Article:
Saudi Aramco signed a deal on Thursday with two US firms for pilot use of a technology to convert crude oil to chemicals, helping the state company to expand its petrochemical business.
Aramco wants to develop its downstream business as the government prepares to sell up to 5 per cent of the world’s largest oil firm in an initial public offering (IPO) this year.
The $40m agreement with CB&I and Chevron Lummus covers “technology that will directly convert crude oil into chemicals”, Aramco chief executive Amin Nasser said at the company’s headquarters in Dhahran.
Under the deal, 70 to 80 per cent of crude intake will be converted into chemicals, with an eye to beginning commercialisation in two years, Nasser said.
Aramco has been integrating its refining with petrochemicals to serve the company’s plans to expand its market share, as well as its efforts to expand its refined products portfolio.
It wants to use oil as a major petrochemicals feedstock.
In November, it signed with Saudi Basic Industries Corp (SABIC) a preliminary deal to build a chemicals complex to convert 45 per cent of crude oil to chemicals directly.
“The use of oil in the petrochemicals sector is likely to become a key source of oil demand growth in the 2020s – in fact, growing by more than 50 per cent over the coming two decades,” Nasser said.
He said using oil as a feedstock would “secure a large and reliable home for our future oil production”.
Aramco chief technology officer Ahmad al-Khowaiter said the process unveiled on Thursday – called thermal crude-to-chemicals technology – would cut capital costs by 30 per cent compared to conventional refining.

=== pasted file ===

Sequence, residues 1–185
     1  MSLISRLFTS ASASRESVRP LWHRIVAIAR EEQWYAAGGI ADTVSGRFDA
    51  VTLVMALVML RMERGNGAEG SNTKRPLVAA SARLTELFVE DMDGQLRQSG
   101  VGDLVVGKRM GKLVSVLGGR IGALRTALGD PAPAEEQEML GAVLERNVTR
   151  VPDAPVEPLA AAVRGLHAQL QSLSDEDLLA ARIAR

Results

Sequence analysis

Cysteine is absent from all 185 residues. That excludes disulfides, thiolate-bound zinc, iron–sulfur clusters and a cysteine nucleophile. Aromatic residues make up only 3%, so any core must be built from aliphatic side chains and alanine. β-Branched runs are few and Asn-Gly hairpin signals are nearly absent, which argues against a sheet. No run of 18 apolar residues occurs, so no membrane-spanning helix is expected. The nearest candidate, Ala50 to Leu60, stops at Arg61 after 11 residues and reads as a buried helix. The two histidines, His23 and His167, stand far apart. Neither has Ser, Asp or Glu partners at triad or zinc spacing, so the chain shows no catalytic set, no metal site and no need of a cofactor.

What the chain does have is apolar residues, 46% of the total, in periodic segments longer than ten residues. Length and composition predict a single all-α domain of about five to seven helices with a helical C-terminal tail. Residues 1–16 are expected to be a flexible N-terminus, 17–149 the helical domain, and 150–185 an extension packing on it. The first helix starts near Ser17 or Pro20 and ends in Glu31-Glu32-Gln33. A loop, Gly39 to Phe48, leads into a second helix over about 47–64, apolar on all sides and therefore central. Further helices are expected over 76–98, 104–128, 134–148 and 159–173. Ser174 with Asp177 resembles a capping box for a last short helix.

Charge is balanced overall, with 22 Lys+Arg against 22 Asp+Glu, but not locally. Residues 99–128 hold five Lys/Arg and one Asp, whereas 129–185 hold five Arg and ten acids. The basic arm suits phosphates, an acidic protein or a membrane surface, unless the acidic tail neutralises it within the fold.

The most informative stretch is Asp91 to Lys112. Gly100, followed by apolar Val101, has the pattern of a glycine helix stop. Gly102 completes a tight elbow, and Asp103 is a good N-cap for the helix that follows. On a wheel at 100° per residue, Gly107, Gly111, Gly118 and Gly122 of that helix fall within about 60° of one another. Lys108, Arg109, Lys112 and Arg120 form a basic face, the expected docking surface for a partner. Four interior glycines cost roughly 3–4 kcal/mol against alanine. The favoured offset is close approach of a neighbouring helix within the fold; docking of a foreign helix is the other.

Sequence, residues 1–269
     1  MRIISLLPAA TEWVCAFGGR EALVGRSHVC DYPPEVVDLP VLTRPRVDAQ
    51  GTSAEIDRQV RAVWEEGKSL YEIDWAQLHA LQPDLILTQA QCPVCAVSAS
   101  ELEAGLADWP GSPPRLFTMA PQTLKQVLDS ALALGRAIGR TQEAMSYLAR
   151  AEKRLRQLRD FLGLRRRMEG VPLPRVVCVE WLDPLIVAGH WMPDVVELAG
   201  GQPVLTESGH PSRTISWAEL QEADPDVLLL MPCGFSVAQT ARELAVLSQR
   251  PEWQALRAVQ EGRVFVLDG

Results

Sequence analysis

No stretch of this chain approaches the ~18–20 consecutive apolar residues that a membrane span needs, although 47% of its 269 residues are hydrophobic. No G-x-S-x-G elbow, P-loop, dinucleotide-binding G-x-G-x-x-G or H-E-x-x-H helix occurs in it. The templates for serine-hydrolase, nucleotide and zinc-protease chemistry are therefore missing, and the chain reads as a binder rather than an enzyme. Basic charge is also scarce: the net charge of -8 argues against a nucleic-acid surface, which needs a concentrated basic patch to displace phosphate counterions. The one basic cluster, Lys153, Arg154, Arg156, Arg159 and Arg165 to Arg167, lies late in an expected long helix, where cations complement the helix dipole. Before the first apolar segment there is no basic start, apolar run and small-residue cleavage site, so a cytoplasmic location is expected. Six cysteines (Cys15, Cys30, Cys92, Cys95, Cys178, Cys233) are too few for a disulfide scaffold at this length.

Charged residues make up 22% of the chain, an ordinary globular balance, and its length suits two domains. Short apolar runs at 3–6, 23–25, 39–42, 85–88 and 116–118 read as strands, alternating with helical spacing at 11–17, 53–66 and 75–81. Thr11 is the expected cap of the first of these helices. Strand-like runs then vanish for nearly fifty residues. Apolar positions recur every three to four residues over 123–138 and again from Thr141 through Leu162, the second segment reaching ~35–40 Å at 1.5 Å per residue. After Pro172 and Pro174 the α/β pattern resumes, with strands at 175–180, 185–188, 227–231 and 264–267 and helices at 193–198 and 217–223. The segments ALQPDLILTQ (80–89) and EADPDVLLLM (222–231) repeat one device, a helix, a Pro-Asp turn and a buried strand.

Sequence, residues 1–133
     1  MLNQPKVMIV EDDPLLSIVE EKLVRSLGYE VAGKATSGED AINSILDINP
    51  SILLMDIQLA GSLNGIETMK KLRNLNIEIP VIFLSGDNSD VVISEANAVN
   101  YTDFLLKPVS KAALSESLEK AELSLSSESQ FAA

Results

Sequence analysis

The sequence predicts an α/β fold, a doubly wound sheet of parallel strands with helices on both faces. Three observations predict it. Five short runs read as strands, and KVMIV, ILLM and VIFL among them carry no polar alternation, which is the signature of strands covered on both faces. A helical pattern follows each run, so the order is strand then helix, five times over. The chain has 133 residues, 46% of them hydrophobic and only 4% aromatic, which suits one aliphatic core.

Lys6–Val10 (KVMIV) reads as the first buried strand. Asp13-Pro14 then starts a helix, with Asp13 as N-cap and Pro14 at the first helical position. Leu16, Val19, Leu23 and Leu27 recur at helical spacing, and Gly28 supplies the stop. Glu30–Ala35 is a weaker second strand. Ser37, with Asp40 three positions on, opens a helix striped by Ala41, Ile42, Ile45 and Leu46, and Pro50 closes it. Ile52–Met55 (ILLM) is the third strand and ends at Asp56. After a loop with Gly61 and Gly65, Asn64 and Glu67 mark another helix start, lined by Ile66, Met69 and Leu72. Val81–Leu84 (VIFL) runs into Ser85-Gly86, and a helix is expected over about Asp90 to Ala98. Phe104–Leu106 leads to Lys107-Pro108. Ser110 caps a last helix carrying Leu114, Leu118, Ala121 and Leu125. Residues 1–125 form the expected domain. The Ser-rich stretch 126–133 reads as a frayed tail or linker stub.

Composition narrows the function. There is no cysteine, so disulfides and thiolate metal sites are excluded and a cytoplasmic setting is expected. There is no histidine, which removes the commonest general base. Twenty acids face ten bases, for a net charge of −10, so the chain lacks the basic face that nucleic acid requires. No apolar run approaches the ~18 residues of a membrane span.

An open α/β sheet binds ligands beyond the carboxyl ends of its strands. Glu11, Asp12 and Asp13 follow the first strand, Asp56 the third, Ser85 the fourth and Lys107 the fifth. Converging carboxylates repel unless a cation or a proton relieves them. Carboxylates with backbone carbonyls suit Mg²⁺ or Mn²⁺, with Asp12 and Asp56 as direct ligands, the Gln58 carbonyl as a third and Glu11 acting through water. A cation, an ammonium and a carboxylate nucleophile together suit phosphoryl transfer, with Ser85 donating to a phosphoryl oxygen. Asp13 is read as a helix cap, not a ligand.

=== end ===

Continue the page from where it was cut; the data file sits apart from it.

“Several layers of catalyst … allow different aspects to be treated – sulphur to be removed, heavies to be cracked, to convert that whole crude in one operation… into a suitable feedstock for steam cracking,” he told Reuters in an interview.
He called it a “groundbreaking step” that had not been attempted before and would give Aramco a competitive advantage.
Aramco pumps about 10 million barrels per day (bpd) of crude oil and plans to raise its refining capacity to 8 million to 10 million bpd from around 5 million bpd now.
Its IPO is the centrepiece of an ambitious plan to diversify Saudi Arabia’s economy beyond oil. Aramco hopes diversification will boost its valuation and attract investors.
The company aims to unveil another process in chemical production in 2018 or 2019 that would eliminate the steam cracker altogether.
“This is an approach where we take crude and we crack it directly in one unit and produce olefins and aromatic streams,” said Khowaiter.
Aramco is also pursuing technology to improve automobile emissions, including a more efficient internal combustion engine and a method of temporarily storing carbon exhausts onboard vehicles for later use.